Bikelash Halts 22nd Street Bike Lane in Philadelphia

Despite an August repaving of 22nd street in the Fairmount neighborhood, lane markings have yet to appear due to City Council scuffles on whether or not the street will undergo a road diet and add an additional bike lane.

1 minute read

September 28, 2014, 5:00 AM PDT

By Maayan Dembo @DJ_Mayjahn

As Inga Saffron reports for the The Philadelphia Inquirer, Councilmember William K. Greenlee, an at-large representative living in Fairmount, is stopping the current undertaking to stripe the street. According to Saffron, Greenlee is the first councilmember to invoke "the powers of a 2012 bill giving legislators final say over new segments of the bike network. That bill was Greenlee's baby."

Philadelphia has seen an increase in bicycle commuting since 2006, from 11,000 residents commuting by bike to work at least three days a week to 14,000 people in 2014. This seven-block segment would be a missing link within the city's bike network, creating the only northbound bike lane on the west side of City Center. Indeed, most residents in the neighborhood want less automobile capacity, despite Greenlee's concern that the bike lane will cause serious backups.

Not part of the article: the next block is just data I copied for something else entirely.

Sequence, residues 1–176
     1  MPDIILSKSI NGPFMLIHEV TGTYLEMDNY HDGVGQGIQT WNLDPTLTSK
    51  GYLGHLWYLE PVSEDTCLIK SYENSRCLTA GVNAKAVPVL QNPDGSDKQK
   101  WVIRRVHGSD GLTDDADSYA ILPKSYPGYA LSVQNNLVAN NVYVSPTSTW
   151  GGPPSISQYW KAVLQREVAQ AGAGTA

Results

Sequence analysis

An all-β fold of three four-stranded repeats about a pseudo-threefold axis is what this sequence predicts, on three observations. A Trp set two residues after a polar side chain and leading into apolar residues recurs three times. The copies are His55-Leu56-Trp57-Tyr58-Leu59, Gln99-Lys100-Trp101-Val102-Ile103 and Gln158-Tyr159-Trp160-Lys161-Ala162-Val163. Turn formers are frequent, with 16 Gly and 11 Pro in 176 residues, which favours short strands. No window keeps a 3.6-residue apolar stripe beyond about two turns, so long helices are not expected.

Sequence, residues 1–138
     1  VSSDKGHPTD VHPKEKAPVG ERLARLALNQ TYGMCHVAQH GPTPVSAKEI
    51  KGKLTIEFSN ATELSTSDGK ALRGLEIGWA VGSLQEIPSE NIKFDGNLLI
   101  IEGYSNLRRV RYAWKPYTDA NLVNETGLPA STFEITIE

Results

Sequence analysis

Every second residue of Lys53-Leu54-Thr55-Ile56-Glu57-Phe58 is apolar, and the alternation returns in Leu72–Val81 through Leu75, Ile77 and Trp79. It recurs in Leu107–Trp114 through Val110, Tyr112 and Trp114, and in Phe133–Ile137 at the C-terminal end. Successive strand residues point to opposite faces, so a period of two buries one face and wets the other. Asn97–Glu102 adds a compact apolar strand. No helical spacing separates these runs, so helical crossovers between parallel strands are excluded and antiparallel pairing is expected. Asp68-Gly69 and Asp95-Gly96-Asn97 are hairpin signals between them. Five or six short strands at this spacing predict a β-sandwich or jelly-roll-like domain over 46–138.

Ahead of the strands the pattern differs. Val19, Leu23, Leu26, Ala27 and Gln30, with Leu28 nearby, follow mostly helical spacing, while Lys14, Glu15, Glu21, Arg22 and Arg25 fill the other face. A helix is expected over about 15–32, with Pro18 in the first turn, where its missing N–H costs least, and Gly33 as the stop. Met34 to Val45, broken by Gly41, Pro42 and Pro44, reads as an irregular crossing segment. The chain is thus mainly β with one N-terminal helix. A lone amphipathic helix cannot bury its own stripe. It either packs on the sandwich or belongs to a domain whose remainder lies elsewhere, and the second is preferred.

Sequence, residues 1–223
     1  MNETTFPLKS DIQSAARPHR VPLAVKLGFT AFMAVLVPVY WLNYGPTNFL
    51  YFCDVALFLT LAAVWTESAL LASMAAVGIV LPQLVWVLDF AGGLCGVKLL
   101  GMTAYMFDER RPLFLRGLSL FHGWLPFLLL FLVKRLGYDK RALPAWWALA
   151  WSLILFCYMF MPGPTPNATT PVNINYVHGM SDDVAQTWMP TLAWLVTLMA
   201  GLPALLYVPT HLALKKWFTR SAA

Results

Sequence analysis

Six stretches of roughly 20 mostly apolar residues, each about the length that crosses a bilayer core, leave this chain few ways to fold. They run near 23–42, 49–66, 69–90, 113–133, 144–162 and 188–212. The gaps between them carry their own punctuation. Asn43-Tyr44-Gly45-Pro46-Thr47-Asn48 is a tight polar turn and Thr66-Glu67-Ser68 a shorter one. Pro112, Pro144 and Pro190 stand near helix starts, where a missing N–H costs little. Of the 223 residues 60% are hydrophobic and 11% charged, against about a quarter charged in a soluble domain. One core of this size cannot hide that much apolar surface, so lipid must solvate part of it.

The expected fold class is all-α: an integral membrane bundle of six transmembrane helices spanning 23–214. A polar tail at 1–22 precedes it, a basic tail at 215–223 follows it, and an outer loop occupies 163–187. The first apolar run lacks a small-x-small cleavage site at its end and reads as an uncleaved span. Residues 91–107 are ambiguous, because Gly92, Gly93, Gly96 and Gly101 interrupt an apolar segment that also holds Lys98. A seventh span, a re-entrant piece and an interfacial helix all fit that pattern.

In addition, further along Spring Street, there already exists a dedicated bike lane. Other intersections of the city that have become major bike corridors saw the number of accidents fall by 30 percent. By clearly delineating space, all road users know their boundaries and use the street in a safer, less erratic manner. With no markings on 22nd Street, the seven-block road remains a free-for-all.

Thursday, September 25, 2014 in The Philadelphia Inquirer

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